Why are Financial Crimes on the Rise?
The Coronavirus has hit business hard and it’s not all due to the illness, deaths, or the millions of people out of work. Many businesses have now shuttered or closed forever. But, another plague has hit business while they’re down. Financial crimes.
A major reason that financial fraud is up significantly is “PPP,” the pandemic “Paycheck Protection Program.” The nearly $1 billion SBA-backed loan program to help businesses keep their workforce employed during the Coronavirus (COVID-19) crisis has been the target of rampant online business fraud. With the next COVID relief stimulus approaching approval in Congress it’s especially important to take stock off the ways financial crimes occur and, importantly, how to take steps to prevent them from happening to your bank or financial institution.
Let’s take a look “under the hood.” Savvy thieves have found it easier to apply for loans that they do not legitimately qualify for. In some instances, financial crimes amount to bank robbery by way of cybercrime. Here are a few examples that illustrate the range of online business fraud:
- Payroll Fraud: In May 2020, the U.S. Department of Justice alleged that two men had fraudulently sought loans, claiming they had dozens of employees on payroll when they actually had no employees at all. One notorious story is that of Michael Mann, who owned a payroll service and used shell companies to siphon customer funds. He pleaded guilty in August 2020 to a $100 million fraud case in New York. He purportedly diverted more than $1billion over several years.(1) The PPP program has enabled thieves such as Mann to practice daily fraudulent transactions.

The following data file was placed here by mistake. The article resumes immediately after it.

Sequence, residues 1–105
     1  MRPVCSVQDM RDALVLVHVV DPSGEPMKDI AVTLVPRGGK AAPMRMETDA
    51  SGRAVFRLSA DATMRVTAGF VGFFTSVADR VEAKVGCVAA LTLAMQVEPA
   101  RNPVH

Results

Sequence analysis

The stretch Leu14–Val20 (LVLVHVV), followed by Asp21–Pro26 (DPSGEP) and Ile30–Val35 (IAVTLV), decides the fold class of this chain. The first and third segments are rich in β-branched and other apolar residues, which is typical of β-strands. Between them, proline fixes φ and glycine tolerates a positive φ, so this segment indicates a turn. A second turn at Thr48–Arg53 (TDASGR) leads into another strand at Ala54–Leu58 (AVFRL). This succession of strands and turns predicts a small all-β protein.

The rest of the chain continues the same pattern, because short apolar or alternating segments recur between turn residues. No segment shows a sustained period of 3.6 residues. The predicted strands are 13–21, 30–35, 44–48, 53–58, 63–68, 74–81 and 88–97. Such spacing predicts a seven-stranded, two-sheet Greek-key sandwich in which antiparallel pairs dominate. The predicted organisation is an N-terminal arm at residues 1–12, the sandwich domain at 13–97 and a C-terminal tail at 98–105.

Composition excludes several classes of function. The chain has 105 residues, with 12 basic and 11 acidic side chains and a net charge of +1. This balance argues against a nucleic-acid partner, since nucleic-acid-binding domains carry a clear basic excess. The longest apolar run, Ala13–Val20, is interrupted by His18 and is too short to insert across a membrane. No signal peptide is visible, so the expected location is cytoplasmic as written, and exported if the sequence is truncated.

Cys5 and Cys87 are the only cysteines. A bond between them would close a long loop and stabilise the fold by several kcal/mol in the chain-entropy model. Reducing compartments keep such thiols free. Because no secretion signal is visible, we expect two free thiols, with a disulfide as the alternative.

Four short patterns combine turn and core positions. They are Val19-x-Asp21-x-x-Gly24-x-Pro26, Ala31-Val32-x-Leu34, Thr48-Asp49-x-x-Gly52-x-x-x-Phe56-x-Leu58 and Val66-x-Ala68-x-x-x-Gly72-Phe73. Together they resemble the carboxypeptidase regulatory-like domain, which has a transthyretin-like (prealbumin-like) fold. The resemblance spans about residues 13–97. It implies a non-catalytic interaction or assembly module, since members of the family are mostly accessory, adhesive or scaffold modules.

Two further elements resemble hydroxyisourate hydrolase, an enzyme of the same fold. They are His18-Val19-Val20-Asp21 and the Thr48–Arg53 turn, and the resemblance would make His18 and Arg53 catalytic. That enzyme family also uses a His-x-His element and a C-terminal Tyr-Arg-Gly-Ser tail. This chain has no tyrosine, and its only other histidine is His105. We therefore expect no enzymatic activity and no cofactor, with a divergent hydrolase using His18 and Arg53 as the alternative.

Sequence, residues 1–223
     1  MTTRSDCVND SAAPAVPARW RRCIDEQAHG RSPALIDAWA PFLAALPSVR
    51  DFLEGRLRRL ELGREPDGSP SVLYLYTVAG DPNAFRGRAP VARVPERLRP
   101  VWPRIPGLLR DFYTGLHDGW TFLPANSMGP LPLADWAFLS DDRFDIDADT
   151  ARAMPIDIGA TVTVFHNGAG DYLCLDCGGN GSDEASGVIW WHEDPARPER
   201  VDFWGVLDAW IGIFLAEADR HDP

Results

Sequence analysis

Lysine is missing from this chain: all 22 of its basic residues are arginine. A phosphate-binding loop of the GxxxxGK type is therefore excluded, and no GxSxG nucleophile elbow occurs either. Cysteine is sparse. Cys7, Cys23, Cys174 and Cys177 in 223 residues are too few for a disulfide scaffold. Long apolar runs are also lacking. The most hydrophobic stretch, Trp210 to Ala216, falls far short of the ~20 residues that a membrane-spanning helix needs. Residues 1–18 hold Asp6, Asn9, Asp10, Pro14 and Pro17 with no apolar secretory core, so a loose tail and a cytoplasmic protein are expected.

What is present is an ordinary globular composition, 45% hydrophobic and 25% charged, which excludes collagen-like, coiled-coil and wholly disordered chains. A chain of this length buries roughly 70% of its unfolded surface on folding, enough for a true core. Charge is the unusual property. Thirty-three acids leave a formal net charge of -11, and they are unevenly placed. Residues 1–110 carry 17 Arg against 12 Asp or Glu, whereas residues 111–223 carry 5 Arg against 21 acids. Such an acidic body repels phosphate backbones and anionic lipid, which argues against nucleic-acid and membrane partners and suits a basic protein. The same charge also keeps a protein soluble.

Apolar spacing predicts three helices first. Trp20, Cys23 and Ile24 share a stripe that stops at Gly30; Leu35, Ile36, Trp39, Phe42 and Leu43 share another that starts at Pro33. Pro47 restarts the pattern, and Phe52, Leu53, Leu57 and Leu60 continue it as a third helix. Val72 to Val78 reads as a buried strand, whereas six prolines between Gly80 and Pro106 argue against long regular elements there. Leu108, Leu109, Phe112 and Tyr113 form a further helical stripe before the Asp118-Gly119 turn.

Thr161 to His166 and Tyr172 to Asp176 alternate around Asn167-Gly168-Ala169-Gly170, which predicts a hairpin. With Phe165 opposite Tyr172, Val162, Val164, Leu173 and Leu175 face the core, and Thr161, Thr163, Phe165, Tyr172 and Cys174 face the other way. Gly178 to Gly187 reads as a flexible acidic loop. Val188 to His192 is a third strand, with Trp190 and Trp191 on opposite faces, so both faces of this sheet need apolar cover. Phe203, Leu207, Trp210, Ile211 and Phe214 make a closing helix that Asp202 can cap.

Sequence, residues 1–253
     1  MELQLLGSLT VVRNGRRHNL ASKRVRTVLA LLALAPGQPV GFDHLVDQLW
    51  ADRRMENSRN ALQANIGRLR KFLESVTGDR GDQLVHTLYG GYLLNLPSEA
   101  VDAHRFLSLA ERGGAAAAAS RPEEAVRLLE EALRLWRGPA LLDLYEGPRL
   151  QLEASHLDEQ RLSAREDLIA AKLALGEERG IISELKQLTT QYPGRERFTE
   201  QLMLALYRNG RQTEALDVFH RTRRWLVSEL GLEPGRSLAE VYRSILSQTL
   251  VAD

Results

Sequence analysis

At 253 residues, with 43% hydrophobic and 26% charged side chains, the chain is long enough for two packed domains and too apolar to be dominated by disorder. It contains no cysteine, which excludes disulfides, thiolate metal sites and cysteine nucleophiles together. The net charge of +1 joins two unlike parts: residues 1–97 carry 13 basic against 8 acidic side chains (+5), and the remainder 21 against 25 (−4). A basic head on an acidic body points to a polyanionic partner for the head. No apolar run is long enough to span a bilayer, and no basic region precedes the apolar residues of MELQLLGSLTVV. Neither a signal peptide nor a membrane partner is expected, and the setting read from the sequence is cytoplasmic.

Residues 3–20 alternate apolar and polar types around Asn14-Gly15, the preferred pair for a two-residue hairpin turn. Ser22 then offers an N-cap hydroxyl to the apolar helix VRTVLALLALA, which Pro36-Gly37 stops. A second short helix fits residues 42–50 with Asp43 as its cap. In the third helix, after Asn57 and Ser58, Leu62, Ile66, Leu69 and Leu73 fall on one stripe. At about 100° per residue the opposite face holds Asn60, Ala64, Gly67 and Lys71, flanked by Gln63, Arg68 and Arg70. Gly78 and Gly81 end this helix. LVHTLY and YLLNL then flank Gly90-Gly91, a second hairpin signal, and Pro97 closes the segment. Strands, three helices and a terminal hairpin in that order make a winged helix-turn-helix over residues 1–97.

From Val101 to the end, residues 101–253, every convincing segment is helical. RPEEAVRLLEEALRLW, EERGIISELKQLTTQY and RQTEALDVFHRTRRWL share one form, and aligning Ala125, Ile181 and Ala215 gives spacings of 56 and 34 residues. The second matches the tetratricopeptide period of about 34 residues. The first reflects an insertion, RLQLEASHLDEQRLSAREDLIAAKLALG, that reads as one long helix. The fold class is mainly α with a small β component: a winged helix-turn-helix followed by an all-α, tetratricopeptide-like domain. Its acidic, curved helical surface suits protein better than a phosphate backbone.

- Fake or Ghost Employees: These are fictitious employees that don’t actually work for a company, existing only on paper. They are created as part of fraud schemes to make a case for approval of a forgivable loan and subsequently stream these ill-gotten gains to criminals or the masterminds they work for.
- Identity Theft: Identity thieves posing as real businessmen or individuals have submitted false applications to lenders, and then funnel the money away.
- Money Laundering: Money launderers commingle funds from criminal enterprises, like cash business schemes, to secure forgivable loans.
- Account Takeovers: Why use a real identity when you can hack one? This is what happened to Twitter in July of 2020. Through phishing, criminals gained access to credential and then gained access to high profile accounts. While the Twitter hack was high profile, the practice is a common occurrence; often using bots to combine thousands of username and passwords to gain access to accounts.
Outsmart Criminals Through Fraud Risk Management Software
ToolCASE is the financial fraud detection and protection service ideally suited to considerably diminish the risk of cybercrime and fraudulent transactions.
ToolCASE Informant is an AI-based solution for the financial services industry. Combining best-in-class AI, machine learning and pattern recognition, Informant is a full enterprise risk management solution that monitors transactions across all channels for fraud, compliance, audit, lending, collections, marketing and database intrusion in a real-time environment.
Informant incorporates RembrandtAi to offer your organization a unique solution to multiple challenges, including regulatory changes and the growing threat of fraud. The interface makes the system easy to operate and manage for institutions of all sizes. Informant provides friendly and reliable 24/7 service and support to assist with normal operations, urgent situations and future monitoring demands.
(1) Bloomberg Business, August 28, 2020 by Erik Larsen